It’s beginning to look like trillions are the new billions.

You know, as when fashionistas say, “black is the new white.” Or, “pink is the new black.” Or, as the Times led with a story this morning, “The bag is the new hat.”

Somewhere along the road to Oz, a billion dollars lost the allure that it once had (not that I would sneeze at it!), and lost the sheen that it conferred on someone who managed to be worth a billion. With a mere billion you might not even be able to make the Forbes annual list of the world’s wealthiest people any more. Let’s have some empathy here, folks.

It doesn’t take much to get to a trillion nowadays. The Bush administration’s final budget, for instance, came in at over $3 trillion, the first time that line’s been crossed. It’s as if every time our government sneezes (so to speak) billions of dollars are merely like the germs that are dispersed.

And take those Bush tax cuts. We’re talking about revenue to the tune of a trillion dollars or more. And that’s just what’s been foregone since the cuts were implemented. Should they be extended, as the presumptive GOP presidential nominee now desires, we’re talking multi-trillions of dollars of revenue.

Then there’s the nation’s ever mounting health care tab, now coming in around $2 trillion per annum. But as if affirming that ‘ever upward’ is the mantra of the health care industry, a recent report by the Office of the Actuary at the Centers for Medicare and Medicaid Services predicts that the cost of health care in this country will about double by the year 2017 to some $4.3 trillion.

Here in our own backyard, four companies had over $1 trillion of total life insurance in-force at the end of 2006. And of these, Metropolitan Life is quickly closing in on $3 trillion of total in-force coverage. Prudential at year-end 2006 had just crossed the $2 trillion mark. There’s a huge amount of trust tied up in those obligations.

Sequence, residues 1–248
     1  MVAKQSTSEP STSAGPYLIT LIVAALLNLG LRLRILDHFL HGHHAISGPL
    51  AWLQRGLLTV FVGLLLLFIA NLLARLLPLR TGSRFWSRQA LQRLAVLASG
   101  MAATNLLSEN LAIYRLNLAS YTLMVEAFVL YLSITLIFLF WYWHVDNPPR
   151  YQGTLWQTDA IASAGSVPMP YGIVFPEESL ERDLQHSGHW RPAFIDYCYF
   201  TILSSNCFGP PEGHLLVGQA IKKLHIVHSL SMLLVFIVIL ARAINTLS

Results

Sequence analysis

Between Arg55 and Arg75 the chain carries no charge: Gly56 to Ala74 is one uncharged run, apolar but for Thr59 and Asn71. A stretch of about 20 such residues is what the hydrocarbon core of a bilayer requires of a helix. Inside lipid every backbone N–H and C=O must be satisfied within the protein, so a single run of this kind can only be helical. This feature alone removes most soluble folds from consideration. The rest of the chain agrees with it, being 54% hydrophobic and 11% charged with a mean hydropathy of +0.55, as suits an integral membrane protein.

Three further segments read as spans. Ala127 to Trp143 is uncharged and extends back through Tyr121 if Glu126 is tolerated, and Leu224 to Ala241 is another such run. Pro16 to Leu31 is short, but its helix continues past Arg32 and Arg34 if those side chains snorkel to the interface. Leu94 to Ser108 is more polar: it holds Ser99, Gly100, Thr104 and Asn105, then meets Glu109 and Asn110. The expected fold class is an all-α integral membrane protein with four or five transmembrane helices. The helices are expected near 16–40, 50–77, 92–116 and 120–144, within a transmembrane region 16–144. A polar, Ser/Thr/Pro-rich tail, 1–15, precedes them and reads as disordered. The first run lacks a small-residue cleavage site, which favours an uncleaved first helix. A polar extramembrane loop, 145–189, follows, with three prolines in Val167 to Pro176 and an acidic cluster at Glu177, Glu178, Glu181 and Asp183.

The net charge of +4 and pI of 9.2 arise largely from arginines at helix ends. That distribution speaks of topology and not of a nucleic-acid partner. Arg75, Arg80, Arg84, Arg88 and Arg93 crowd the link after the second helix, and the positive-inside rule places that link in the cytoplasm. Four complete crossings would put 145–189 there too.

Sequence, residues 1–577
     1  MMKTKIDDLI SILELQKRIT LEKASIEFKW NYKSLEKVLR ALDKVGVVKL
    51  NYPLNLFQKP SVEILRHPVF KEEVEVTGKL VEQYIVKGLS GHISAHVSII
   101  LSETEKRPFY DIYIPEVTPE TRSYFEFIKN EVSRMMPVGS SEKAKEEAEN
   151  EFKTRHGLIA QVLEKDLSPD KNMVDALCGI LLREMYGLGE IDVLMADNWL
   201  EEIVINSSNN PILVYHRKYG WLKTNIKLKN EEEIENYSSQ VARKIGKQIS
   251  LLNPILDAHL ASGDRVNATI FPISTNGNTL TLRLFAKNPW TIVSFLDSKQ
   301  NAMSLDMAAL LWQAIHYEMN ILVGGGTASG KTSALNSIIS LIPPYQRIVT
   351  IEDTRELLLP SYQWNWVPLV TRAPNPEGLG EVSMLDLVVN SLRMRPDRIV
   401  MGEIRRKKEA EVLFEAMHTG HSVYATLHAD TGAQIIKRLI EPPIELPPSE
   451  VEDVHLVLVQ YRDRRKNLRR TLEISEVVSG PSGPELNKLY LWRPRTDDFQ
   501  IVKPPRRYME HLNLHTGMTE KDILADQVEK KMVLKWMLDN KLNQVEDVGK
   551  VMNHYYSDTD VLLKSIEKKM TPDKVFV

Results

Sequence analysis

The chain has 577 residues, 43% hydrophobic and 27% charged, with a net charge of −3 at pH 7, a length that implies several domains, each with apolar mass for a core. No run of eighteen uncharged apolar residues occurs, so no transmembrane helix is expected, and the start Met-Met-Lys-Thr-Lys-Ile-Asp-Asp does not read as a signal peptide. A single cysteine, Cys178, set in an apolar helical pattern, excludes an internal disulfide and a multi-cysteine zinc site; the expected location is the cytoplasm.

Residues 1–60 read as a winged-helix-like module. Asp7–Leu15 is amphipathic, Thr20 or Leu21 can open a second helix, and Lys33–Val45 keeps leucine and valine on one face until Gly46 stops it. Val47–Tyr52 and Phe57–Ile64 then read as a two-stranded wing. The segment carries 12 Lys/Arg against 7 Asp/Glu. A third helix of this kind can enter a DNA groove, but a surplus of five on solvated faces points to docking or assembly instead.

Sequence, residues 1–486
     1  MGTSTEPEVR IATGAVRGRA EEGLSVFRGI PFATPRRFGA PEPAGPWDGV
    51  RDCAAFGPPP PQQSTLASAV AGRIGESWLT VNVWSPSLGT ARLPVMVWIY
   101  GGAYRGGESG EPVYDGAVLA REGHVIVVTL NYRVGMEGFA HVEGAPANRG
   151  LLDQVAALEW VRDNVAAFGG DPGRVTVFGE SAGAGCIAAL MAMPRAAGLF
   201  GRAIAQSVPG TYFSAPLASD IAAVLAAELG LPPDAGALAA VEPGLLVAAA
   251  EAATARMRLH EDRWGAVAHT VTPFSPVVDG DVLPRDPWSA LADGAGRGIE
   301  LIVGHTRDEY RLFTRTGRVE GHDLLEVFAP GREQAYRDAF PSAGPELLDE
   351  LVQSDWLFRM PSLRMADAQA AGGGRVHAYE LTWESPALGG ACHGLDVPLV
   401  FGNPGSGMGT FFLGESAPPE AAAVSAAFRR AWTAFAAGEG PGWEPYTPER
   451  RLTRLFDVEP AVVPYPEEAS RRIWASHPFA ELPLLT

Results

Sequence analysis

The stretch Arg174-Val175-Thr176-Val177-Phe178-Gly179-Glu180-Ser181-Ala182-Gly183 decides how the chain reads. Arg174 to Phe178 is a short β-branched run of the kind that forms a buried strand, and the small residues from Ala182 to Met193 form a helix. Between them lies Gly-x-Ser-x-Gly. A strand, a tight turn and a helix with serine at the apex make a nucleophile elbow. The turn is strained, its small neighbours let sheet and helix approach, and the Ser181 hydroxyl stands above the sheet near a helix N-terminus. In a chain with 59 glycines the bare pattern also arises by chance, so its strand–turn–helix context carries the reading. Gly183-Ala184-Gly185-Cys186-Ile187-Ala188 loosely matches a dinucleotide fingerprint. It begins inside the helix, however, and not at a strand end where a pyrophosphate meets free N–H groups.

Also, at least a few banks have assets of over a trillion dollars, with Citibank and Bank of America among them.

What really got me to thinking about the trillion factor, however, was a column in last week’s Times by Bob Herbert that has haunted me since. Herbert is not ordinarily one of my favorite columnists, but sometimes he does hit the mark.

What he wrote about was a hearing held at the end of February by the Joint Economic Committee, which is chaired by Sen. Chuck Schumer, D-N.Y. The hearing–on the subject of the cost of the war in Iraq–heard from speakers such as Joseph Stiglitz, a Nobel Prize-winning economist, and Robert Hormats, who is vice chairman of Goldman Sachs International.

I’d like to quote a paragraph or so from Herbert’s piece: “For a fraction of the cost of this war,” said Mr. Stiglitz, “we could have put Social Security on a sound footing for the next half-century or more.”

Herbert continued: “Mr. Hormats mentioned Social Security and Medicare, saying that both could have been put ‘on a more sustainable basis.’ And he cited the committee’s own calculations from last fall that showed that the money spent on the war each day is enough to enroll an additional 58,000 children in Head Start for a year, or make a year of college affordable for 160,000 low-income students through Pell Grants, or pay the annual salaries of nearly 11,000 additional border patrol agents or 14,000 more police officers.”

Herbert’s point was that this hearing hardly caused a blip on the media’s radar screen. Our attention, he wrote, was focused on “Saturday Night Live.”

While it’s true that it’s only money and that there are things in life that are much more important, it is simply not prudent–or sustainable–to get to the point where, as a country, our going through a trillion dollars won’t even cause a Mr. Spock-like raising of an eyebrow.